FBP - Certified Public Accountants

Federal Estate Tax

Written by Layne Bodily

March 5, 2023

Estate tax return

This is the second installment in a three-part series on Estate Planning.

The federal estate tax is one of the most complex and controversial taxes in the United States. This tax is imposed on the transfers of property at death, and it can have a significant impact on the financial planning of wealthy individuals and their families.

Exemption Amount

The estate tax is a tax on your right to transfer property at your death. The estate tax applies to both real and personal property and is currently imposed at a rate between 18% and 40%. There is, however, an exemption amount that shields a certain amount of the value of your estate from taxation. For example, in 2022, the first $12.06 million of your estate is exempt from taxation. This means that only estates valued at more than $12.06 million are subject to the federal estate tax.

Current Limit Sunsets in 2026

The Tax Cuts and Jobs Act of 2017 increased the federal estate tax exemption to $11.2 million per person ($22.4 million per married couple) in 2018. The exemption is currently scheduled to sunset after 2025, returning to $5 million per person ($10 million per married couple) in 2026 with a yearly cost-of-living adjustment. As stated above, the 2022 exemption is $12.06 million.

Take Advantage of the Higher Amounts Now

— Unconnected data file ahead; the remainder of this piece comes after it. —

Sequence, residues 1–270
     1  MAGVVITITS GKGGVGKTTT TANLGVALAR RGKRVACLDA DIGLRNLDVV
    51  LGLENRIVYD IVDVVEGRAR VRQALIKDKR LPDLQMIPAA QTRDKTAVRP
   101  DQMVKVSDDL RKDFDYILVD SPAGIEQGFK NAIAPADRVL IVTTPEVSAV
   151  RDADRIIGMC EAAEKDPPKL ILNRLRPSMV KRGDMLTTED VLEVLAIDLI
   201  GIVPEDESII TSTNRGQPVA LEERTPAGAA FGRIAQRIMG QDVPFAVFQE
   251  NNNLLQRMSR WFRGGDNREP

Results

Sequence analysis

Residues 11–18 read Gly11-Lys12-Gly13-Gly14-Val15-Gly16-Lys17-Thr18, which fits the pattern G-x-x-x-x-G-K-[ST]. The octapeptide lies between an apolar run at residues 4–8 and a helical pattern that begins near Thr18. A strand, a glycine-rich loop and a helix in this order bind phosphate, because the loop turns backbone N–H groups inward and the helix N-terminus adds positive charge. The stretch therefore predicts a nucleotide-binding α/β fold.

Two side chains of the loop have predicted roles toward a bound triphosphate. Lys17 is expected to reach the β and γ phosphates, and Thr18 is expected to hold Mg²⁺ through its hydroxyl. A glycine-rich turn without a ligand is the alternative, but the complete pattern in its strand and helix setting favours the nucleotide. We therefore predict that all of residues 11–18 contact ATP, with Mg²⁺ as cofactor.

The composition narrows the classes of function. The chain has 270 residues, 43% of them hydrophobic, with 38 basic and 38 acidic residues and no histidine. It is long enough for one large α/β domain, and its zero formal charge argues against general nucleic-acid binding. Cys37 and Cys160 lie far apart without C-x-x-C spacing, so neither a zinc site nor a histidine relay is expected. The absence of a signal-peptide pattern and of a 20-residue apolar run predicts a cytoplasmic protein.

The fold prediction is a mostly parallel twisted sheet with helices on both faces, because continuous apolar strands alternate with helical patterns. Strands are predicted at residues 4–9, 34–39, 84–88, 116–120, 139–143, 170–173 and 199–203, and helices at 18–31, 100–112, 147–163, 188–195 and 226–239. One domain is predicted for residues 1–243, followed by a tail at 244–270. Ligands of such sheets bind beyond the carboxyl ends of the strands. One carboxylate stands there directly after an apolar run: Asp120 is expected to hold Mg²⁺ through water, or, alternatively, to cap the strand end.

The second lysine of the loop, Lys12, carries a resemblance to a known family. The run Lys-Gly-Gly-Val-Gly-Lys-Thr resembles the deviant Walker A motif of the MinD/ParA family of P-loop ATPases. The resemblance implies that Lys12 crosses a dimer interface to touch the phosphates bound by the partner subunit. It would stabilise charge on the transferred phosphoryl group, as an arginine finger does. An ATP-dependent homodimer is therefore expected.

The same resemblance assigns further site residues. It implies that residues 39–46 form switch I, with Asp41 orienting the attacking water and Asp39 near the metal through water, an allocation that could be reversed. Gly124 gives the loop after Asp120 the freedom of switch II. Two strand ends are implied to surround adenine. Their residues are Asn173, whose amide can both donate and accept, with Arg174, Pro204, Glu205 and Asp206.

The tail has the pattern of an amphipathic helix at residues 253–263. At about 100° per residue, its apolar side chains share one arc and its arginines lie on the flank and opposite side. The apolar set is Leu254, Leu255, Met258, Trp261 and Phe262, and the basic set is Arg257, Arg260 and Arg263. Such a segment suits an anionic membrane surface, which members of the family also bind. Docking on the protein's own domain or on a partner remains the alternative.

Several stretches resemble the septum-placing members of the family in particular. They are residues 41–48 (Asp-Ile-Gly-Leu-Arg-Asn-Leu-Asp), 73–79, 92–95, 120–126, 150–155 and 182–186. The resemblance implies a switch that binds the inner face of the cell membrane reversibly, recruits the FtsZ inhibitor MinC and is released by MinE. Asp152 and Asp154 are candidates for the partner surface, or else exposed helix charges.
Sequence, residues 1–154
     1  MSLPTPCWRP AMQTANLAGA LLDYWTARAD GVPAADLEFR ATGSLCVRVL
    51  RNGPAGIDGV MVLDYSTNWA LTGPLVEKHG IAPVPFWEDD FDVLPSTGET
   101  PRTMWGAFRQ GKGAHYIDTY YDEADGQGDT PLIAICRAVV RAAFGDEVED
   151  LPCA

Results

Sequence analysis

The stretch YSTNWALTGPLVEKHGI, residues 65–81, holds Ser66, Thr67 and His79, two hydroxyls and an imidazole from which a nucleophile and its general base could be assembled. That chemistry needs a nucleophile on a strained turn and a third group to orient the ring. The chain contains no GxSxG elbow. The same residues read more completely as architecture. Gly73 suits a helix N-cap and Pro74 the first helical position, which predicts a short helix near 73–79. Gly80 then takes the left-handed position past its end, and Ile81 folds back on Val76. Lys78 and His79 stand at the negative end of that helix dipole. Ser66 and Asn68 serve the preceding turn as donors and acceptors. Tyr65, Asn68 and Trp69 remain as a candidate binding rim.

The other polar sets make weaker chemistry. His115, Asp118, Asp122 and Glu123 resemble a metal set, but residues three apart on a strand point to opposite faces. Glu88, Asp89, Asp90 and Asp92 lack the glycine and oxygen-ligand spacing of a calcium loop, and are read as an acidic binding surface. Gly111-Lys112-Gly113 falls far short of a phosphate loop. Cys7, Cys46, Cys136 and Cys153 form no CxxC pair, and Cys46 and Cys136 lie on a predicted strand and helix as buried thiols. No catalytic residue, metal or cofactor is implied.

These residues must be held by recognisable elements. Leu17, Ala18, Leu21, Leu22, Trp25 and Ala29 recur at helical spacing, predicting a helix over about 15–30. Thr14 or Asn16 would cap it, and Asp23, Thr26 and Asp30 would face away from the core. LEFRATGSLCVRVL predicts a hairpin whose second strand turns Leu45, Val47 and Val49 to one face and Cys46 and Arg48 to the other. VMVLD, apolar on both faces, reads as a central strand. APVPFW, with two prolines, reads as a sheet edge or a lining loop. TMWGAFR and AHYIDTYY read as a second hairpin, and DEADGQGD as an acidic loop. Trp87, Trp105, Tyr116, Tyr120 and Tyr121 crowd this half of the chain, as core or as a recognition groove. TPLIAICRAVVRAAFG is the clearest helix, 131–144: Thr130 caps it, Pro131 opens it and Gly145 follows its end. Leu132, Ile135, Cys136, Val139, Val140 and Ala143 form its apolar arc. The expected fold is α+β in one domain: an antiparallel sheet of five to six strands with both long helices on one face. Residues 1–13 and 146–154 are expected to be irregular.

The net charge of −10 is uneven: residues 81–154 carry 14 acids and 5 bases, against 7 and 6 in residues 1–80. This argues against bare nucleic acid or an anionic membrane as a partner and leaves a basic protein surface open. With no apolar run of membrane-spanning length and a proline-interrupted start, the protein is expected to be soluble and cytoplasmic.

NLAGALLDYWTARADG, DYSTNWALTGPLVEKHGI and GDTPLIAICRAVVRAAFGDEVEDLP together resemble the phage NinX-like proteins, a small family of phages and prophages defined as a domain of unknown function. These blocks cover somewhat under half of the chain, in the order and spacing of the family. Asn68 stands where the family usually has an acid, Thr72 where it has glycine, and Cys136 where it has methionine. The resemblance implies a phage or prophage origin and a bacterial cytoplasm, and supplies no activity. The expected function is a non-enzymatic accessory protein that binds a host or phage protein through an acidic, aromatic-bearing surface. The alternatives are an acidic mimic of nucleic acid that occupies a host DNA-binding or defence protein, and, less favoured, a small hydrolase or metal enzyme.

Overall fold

Under current law, the estate tax applies to transfers of property at death. The tax is imposed on the value of the decedent’s taxable estate, which generally consists of all property interests owned at death, less amounts that are properly allowable as deductions. For 2022, the first $12.06 million of a decedent’s taxable estate is exempt from tax (this amount is indexed for inflation in future years). Any remaining taxable estate is subject to tax ranging from 18%-40%.

In order to take advantage of the higher amounts that are exempt from estate taxes, you may want to consider gifting appreciating assets such as stocks or real estate. By gifting these assets now, you can avoid having them be subject to estate taxes in the future. Additionally, you can still retain control over these assets by setting up a trust. This can be an effective way to minimize your overall tax liability while still providing for your loved ones.

Understanding “Step Up in Basis”

In most cases, assets including real estate, stocks, bonds, etc., are worth more at the owner’s time of death than when they were purchased. The IRS allows the “cost basis” of inherited property to be increased, or stepped up, to the fair market value at the time of death.

This means that the heir(s) will pay less in capital gains if they choose to sell the asset later. The step up in basis takes place at the time of inheritance and should be done by the executor of the estate.

Due to the complexity of Federal Estate Taxes, it is always best to consult with your accountant and potentially an estate lawyer. We are happy to help you with your estate planning. Contact us to learn more.

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